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Our 75th anniversary is a day to celebrate.
On this day in 1936, Canada's national public broadcaster was born. Back then, we broadcast just 10 hours of French and English programming on the radio. Amazing when you compare that to what we do today, how we’ve evolved both in terms of content and technology. In the 50's, when television took off, CBC's TV content was just 60 per cent Canadian, with the French service at about 75 per cent. Even in the early 80’s, when you turned on the TV, you’d see American shows like Mork and Mindy, Mash orWKRP in Cincinnati airing on CBC during prime time. This season, CBC Television brought you Michael: Tuesdays & Thursdays, InSecurity and The Debaters, and its content was 82 per cent Canadian during prime time. As you can see by the red on this chart, we are clearly the home of Canadian programming. And Télévision de Radio-Canada now broadcasts 88 per cent of Canadian programs in prime time.
Only 20 years ago, in 1991, CBC/Radio-Canada offered eight services on two platforms – television and radio. Now, you tune in, you get no less than 30 services, with content available online, on mobile devices, on cable TV. Radio shows like The Debaters and Q can be seen on television or the web. Television shows like Tout le monde en parle or Heartland can be viewed online. You name it, we're there. All of this in a difficult environment.
The last two years were about our recovery plan, overcoming a budget shortfall of nearly $171 million. We hit our target and, on March 31, 2011, balanced our budget. Our CFO, Suzanne Morris, will give you the details shortly.
We then moved to the next step in the Corporation’s evolution – launching our five-year strategic plan Everyone, Every way, in February 2011. This plan is our roadmap to the future. It defines our way forward.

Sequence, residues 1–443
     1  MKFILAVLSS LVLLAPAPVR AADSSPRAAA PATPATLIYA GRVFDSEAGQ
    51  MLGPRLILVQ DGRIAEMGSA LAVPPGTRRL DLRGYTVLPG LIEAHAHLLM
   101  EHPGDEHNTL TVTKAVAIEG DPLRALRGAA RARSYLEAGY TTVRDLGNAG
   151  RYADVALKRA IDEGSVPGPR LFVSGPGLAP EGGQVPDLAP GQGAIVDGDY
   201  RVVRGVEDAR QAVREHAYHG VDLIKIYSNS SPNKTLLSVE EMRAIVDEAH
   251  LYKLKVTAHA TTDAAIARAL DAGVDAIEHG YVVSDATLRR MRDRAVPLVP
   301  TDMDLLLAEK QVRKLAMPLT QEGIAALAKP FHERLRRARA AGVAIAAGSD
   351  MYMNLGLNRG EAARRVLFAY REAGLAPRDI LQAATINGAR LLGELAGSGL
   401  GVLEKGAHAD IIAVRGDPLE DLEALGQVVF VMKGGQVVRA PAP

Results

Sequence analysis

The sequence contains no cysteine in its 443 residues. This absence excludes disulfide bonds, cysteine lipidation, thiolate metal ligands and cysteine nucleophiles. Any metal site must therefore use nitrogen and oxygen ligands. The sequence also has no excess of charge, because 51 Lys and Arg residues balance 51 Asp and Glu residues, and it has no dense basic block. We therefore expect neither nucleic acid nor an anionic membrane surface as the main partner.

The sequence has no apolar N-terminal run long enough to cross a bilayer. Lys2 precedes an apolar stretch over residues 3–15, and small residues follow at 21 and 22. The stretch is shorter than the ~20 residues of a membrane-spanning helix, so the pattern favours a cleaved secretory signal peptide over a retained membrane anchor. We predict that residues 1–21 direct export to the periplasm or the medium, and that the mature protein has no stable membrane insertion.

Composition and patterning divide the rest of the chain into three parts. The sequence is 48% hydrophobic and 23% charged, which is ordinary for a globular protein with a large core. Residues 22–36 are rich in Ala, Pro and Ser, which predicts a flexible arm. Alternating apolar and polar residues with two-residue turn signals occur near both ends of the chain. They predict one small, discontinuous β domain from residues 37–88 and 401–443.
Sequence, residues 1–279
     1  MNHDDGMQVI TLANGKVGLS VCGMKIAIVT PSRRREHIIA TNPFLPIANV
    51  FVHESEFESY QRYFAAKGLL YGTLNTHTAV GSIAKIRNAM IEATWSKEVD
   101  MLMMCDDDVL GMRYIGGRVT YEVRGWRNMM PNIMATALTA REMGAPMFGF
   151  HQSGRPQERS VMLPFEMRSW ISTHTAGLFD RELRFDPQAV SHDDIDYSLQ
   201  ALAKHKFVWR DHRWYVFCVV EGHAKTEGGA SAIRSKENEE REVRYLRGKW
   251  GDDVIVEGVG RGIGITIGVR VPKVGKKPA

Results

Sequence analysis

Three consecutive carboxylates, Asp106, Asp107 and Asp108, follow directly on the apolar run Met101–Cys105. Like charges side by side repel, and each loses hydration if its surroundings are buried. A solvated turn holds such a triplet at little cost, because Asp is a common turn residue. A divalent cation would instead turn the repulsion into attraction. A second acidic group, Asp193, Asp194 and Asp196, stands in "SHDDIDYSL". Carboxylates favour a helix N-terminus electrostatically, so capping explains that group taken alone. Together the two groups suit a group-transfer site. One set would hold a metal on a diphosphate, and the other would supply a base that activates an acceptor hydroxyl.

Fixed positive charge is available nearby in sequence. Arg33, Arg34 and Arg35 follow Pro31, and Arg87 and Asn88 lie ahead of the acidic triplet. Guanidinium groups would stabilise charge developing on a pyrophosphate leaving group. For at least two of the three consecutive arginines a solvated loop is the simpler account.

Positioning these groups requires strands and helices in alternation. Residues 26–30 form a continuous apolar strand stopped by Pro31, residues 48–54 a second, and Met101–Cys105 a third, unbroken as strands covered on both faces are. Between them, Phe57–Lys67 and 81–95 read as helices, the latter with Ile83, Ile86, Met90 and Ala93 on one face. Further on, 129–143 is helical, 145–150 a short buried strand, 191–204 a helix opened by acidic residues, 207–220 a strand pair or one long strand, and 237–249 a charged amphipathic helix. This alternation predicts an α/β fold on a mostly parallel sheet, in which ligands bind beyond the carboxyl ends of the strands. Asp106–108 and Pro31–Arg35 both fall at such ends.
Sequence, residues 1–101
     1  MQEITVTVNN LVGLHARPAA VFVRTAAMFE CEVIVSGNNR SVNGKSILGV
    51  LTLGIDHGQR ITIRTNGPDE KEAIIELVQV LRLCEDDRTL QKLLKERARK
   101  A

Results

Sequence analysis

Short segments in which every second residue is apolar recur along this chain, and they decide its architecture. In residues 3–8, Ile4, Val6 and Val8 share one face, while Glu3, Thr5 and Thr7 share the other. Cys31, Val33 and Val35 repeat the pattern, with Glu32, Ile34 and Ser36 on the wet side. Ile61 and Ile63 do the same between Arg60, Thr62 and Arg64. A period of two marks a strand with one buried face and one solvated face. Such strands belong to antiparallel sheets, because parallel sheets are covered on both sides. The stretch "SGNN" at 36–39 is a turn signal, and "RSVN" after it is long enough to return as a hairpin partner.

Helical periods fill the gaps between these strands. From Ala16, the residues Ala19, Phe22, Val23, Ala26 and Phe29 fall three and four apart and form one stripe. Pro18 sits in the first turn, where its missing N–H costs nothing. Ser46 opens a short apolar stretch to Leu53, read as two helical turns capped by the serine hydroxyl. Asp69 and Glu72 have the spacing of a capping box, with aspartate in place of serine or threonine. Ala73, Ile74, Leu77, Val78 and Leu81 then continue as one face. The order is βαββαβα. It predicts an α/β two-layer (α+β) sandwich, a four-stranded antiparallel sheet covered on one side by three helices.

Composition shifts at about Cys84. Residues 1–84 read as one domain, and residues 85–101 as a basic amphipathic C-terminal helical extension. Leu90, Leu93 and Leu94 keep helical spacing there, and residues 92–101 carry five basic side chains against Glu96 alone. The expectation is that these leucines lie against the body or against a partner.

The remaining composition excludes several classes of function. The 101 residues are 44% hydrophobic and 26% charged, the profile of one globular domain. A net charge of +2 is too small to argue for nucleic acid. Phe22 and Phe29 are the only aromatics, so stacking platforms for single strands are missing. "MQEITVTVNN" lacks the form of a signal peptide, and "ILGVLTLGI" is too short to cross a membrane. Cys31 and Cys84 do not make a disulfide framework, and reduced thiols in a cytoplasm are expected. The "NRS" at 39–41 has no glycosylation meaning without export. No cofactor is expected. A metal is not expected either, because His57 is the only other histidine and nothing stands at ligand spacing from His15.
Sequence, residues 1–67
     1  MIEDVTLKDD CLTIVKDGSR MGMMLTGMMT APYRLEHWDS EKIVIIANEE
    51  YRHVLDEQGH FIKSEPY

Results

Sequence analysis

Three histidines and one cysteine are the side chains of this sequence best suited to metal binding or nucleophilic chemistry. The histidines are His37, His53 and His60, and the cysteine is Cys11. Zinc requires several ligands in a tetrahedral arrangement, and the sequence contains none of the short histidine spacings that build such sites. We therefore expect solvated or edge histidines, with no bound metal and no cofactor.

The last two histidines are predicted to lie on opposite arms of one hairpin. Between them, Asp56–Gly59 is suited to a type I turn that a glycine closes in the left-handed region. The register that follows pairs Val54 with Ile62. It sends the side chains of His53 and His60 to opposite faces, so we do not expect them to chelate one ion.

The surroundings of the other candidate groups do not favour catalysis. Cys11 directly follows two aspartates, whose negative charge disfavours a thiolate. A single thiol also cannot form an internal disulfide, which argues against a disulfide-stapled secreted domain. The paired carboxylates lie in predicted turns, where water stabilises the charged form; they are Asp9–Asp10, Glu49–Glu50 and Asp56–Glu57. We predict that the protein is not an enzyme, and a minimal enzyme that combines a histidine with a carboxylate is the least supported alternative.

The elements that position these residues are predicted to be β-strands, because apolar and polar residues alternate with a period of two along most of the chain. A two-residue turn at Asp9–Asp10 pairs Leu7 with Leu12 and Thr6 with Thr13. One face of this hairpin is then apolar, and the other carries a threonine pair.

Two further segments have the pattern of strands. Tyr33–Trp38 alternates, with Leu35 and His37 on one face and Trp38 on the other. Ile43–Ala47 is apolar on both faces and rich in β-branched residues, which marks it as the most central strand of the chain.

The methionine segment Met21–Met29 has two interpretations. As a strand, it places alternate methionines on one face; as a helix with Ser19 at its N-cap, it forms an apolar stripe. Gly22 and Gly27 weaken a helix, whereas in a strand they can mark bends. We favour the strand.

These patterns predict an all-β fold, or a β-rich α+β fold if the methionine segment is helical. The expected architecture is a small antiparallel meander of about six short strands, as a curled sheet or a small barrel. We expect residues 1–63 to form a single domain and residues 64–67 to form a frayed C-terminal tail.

The plan gives us the means to deepen our relationship with Canadians on national, community and personal levels. It recognizes that the public broadcaster can't be all things to all people. We can and we should, however, provide something for, and mean something to, every Canadian. Whether it's connecting them to this country, to their communities or to each other as individuals, CBC/Radio-Canada will be there — for everyone, every way.
Our vision is ambitious: To be the recognized leader in expressing Canadian culture and to enrich the democratic life of all Canadians. We will achieve this with more Canadian content, expansion in the regions and by being leaders on the web.
We’re well on our way.
So we’re moving ahead. To evaluate progress of our strategic plan, we will report on our performance twice a year across a range of metrics – so that every Canadian can hold us to account.
CBC/Radio-Canada takes accountability and transparency very seriously. Those two attributes are central to our philosophy, and critical to our credibility. And credibility is essential for a public broadcaster.
This Annual Public Meeting is just one way you can judge for yourselves how we're doing. CBC/Radio-Canada is also accountable to Canadians through Parliament, the CRTC, the Auditor General and our Board of Directors, which is appointed by government to ensure that the Corporation manages its resources effectively.